In the wide-striding Vishnu’s highest footstep,
There is a spring of mead.
– The Rig Veda
I was not a fan of mead until quite recently. The ones I had in the past were thick, syrupy and, to be honest, a little flat – certainly not something you would rush out and buy again, much less drink all evening, as some of our ancestors did.
But lo and behold, dear reader, have I got an inside scoop for you. Mead is coming to Squamish. Julie Malcolm is joining the ranks of craft beverage producers in town, and with her application already in with the province and location picked out, mead will be ready by winter solstice. And this mead is a whole world unto itself. Among the culturally historic meads we know, this is leaning toward the style of a Roman mead: sparkling, fresh and dry.
Mead is the oldest alcoholic drink known to humankind, made by fermenting honey with water, sometimes with various fruit, spices, grains or hops. The alcoholic content of mead may range from about eight per cent alcohol to more than 20 per cent.
Archaeological evidence hailing from China suggests that mead was being produced 7,000 years before the Common Era. Because honey ferments so easily, various forms were produced in Africa – where’s it’s called Tej, still found in Ethiopia – as well as eastern and western Europe. It was considered the drink of the gods. Honey, however, was not easy to come by, so it was consumed mostly by kings, queens, priests and priestesses who were thought to represent the deities here on earth.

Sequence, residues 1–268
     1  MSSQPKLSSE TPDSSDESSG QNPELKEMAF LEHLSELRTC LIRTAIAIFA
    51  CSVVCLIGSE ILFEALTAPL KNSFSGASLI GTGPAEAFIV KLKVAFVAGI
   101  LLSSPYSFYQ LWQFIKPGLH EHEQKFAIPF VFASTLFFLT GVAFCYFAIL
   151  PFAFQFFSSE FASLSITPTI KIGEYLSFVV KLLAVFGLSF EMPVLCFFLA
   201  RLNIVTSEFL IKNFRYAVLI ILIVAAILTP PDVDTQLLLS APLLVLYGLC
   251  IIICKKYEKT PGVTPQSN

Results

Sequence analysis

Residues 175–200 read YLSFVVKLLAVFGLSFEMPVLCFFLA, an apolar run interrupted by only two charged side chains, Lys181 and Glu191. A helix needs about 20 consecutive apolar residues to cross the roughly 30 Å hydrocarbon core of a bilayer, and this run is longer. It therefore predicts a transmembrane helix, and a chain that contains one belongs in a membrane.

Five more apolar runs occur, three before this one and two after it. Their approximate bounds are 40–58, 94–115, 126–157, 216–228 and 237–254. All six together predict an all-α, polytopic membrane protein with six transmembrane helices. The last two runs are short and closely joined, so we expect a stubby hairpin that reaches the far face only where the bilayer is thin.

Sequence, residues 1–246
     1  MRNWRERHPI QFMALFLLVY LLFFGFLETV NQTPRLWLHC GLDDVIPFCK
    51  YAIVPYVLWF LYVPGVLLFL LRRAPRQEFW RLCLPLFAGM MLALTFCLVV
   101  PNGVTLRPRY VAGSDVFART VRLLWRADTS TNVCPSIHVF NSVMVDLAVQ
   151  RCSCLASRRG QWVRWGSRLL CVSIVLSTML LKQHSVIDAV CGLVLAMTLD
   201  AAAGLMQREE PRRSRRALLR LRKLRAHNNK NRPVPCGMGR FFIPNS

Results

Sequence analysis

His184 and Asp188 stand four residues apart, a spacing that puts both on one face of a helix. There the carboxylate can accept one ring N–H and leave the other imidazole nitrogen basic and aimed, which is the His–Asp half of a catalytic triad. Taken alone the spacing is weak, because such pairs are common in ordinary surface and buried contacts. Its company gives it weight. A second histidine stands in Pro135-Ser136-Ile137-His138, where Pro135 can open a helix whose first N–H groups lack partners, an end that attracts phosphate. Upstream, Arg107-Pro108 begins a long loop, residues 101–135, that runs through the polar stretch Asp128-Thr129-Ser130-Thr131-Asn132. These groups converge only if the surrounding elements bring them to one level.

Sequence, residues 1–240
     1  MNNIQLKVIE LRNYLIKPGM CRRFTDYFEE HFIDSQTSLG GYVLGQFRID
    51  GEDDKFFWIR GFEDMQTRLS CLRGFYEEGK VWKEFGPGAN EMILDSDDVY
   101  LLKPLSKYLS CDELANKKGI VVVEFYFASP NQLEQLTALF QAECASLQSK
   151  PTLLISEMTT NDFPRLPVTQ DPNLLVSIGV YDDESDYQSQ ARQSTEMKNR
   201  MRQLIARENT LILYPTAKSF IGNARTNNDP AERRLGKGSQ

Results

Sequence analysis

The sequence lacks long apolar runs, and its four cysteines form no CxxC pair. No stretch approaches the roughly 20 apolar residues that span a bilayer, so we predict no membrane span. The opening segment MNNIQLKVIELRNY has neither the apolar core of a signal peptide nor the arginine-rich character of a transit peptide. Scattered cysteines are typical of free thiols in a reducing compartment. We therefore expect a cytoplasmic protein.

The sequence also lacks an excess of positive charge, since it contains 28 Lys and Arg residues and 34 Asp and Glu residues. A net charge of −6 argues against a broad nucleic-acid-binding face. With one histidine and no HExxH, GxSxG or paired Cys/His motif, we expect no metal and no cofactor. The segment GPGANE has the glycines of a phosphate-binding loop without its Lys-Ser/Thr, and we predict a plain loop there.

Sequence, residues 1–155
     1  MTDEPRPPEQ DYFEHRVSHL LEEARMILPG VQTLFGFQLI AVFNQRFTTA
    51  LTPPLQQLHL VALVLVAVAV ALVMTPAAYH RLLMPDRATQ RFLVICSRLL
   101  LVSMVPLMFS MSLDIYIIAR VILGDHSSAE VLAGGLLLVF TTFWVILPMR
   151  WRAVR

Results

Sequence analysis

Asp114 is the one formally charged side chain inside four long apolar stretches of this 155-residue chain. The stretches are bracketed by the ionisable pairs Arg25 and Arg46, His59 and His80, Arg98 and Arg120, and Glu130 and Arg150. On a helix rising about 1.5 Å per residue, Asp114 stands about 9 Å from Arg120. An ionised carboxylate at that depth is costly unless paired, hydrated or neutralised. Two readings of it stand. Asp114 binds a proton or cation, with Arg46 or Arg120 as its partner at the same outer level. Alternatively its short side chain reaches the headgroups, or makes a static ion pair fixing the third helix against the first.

Deeply symbolic, it was said to be the elixir of communication, inspiration and immortality. As the tale goes, Zeus overthrew his father Chronus with honey. The Picts were known to make mead with heather, a sacred beverage to the druids called Fog. The mead by all accounts was slightly hallucinogenic due to the wild yeast that settles on heather. It was known as The Mead of Inspiration.
Malcolm’s new meadery will be called Meadb. Not only is that another spelling for mead, but it is pronounced “Maeve,” like the Celt Queen whose name means intoxicating. These meads are expected to include rose meads like the Romans would produce, ginger meads like those from Asia and lavender of Europe.
Malcolm first came to Squamish in 1995 and raised her young children in Brackendale. She learned how to produce mead in Nashville.
Her honey, for the sake of consistency, is from Elias honey out of Prince George, but she is very much looking forward to working with different varieties of local honey including that of Farmaggedon.
Mead is a wonderfully celebratory beverage, perfect for long summer days outdoors, mingling with the plant devas and fairies. The drink is beautiful sipped on its own but pairs exquisitely with food, particularly salads and light desserts.